Jan. 25 - Karin Muraszko, M.D., Hugh Garton, M.D., and Cormac Maher, M.D. quoted in numerous local publications

Karin Muraszko, M.D., chair of the Department of Neurosurgery at U-M, Hugh Garton, M.D., MHSc., Pediatric Neurosurgeon at Mott Children’s Hospital, Cormac Maher, M.D. Pediatric Neurosurgeon at U-M and Peter Strouse, M.D., director of Pediatric Radiology appeared in numerous local publications including the Plymouth Observer, Westland MI Observer, Garden City Observer, Redford Observer, Livonia Observer, Canton Observer and, concerning a new scanner to identify brain tumor cells. “We have a chance to do something really good with this piece of equipment. It's really cutting edge and for neurosurgery, if we want to be the leaders and the best, it's just something we had to have,” Strouse said.

Jan. 25 - Matthew Davis, M.D., quoted in Wall Street Journal and Los Angeles Times

Matthew Davis, M.D., M.A.P.P. director of the poll and Associate Professor of Pediatrics and Internal Medicine at U-M was quoted in the Wall Street Journal and Los Angeles Times, along with other publications including, Health News Digest,, and Ethiopian Review concerning how well public school support children with behavioral, emotional or family problems. ''As many as 50 percent of children need emotional support to deal with difficulties in family, peer or other relationships. Our findings indicate that parents think schools are doing better with educational goals than with emotional and behavioral support,” said Davis.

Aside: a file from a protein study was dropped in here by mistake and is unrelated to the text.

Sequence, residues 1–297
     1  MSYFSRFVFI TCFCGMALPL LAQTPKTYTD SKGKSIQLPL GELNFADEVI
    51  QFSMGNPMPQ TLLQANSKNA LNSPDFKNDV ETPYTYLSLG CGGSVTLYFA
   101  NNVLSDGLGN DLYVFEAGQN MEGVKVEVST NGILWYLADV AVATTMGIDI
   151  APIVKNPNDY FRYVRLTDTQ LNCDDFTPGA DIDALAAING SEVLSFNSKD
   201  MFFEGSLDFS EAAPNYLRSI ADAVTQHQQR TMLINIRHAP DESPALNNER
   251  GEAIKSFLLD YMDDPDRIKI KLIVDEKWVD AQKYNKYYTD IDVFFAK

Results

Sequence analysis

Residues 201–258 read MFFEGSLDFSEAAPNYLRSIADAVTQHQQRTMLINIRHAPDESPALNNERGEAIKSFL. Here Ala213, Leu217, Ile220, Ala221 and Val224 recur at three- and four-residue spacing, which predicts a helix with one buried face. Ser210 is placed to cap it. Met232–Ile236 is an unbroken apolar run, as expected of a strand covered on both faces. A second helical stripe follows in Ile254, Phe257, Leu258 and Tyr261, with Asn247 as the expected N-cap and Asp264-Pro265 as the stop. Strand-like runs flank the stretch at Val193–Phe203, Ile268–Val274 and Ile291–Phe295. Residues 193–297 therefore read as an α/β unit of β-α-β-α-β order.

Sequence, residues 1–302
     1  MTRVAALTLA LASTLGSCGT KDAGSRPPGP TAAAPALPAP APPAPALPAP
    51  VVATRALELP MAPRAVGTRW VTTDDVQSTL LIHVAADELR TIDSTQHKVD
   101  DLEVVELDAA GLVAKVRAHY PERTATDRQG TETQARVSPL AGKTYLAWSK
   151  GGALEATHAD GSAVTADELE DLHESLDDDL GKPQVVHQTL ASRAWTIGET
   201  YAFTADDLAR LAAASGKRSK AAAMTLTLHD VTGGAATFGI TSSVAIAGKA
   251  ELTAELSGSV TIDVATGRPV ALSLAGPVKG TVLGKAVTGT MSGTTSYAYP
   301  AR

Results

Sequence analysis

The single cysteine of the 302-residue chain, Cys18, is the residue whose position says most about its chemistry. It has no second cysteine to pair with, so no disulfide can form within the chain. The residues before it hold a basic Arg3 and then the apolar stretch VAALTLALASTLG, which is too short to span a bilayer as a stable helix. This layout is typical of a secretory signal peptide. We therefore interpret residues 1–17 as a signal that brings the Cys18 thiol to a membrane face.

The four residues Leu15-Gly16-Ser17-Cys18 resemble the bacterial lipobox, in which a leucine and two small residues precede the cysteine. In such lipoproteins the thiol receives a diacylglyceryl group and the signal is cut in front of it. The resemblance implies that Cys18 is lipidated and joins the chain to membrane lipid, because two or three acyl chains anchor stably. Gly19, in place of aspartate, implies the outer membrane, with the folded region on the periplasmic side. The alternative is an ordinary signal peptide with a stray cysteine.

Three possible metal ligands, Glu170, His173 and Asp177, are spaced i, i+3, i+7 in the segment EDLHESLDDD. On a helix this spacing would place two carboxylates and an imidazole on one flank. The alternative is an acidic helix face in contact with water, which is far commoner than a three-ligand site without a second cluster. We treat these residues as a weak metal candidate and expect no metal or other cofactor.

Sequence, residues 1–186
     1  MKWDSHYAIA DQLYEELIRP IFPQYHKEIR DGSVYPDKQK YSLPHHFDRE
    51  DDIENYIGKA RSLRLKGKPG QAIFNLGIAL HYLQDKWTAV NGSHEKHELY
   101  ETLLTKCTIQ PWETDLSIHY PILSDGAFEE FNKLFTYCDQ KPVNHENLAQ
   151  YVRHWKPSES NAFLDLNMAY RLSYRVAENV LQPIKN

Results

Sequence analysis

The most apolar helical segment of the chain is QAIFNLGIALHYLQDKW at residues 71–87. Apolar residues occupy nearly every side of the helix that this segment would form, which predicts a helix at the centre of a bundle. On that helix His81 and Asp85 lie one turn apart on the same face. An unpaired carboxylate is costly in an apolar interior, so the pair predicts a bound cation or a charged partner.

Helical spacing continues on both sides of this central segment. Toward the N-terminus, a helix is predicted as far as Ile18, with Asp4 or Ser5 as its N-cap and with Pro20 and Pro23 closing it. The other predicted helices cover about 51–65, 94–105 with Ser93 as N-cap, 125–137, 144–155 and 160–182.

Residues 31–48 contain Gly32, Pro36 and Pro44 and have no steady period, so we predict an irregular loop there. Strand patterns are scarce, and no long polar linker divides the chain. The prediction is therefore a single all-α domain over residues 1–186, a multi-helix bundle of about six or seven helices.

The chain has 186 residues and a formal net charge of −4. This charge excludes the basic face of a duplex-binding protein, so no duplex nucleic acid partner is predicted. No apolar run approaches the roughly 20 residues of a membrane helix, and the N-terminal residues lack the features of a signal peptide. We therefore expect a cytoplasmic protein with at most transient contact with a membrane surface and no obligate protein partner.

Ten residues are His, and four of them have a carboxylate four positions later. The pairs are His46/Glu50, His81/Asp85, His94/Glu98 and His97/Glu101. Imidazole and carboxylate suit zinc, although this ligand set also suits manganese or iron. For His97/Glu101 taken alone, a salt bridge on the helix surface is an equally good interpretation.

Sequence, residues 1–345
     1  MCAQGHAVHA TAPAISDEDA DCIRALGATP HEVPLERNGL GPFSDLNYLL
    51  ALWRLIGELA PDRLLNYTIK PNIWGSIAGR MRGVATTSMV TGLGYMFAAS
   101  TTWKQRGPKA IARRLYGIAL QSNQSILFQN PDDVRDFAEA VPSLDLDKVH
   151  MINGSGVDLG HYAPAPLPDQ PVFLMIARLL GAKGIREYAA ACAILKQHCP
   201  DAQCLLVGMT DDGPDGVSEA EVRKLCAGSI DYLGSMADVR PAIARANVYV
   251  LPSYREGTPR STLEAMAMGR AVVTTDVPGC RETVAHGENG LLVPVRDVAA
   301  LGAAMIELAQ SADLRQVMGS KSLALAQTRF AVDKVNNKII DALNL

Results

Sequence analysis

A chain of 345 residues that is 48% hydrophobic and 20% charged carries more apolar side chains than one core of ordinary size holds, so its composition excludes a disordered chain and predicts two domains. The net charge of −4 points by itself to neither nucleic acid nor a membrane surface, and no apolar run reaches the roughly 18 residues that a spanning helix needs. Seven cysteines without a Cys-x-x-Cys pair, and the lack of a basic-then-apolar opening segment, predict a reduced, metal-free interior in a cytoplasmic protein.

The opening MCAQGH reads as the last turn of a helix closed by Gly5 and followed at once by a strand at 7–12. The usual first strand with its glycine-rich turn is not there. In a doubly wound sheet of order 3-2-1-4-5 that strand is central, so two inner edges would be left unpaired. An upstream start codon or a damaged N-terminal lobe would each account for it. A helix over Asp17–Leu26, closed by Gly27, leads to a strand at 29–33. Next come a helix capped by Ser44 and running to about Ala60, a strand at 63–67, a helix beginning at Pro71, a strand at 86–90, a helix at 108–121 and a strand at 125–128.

Jan. 22, - Channel 4, Michigan Radio, WXYZ-TV, and others tell story of U-M treating Haiti quake patients

Two Haiti earthquake survivors are receiving specialized care at U-M after being transported by the U-M Survival Flight team. The patients’ identities are protected under federal law and have not been released by the hospital. As reported on Channel 4, Michigan Radio, WXYZ-TV, Ann and the Detroit News, a team of physicians, nurses, paramedics, and other medical personnel are also attempting to help the other hundreds of thousands of victims in Haiti who are in need of medical care. Read press release here.

Jan. 21, - Lee Green, M.D., M.P.H., and Shawn Pelletier, M.D. quoted on

In a story about overweight women and medical treatment, Lee Green, M.D., M.P.H., a professor of family medicine at U-M, said “It can be frustrating to treat obese patients. Although I try to encourage my patients to lose weight, I spend most of my time treating the consequences of unhealthy lifestyles instead of actual illnesses.” Shawn Pelletier, M.D., surgical director of liver transplants at U-M was also quoted. “It’s a very difficult issue,” Pelletier says. “Obese kidney-transplant patients may not survive as long as thinner patients, but they live an average of three times longer than if they didn’t get the transplant. That’s a big benefit, even if there are risks.”

Jan. 20 - talks to Gary Smith about IVF

Gary Smith, Ph.D., associate professor of obstetrics and gynecology, was quoted on saying, "One of our goals for years now has been to modify how we grow embryos in the lab to be more like how they grow in the human body, because we know that the human body grows them most efficiently. Smith and his colleagues built a device that imitates the motion embryos experience in the body as they make their way down a mammal's oviduct (a woman's Fallopian tube) to the uterus. A report on the study also appeared on WJBK Detroit.

Jan. - U-M Medical School's study depicting med students uncertainty of health care system in the AAMC Reporter

A study done by the UMMS revealed that nearly 60 percent of medical students feel inadequately prepared for the health care system was featured in the AAMC Reporter. The study of graduates from 2003 to 2007 indicated lagging student confidence in practice management, record keeping, insurance, medical economics and managed care. Study coauthor Matthew M. Davis, M.D., associate professor of pediatrics and internal medicine at UMMS, said "Our patients expect us to understand the system. If we don't, that can result in poor patient care." Results from the study suggest a higher-intensity curriculum to include the need for better health care systems training.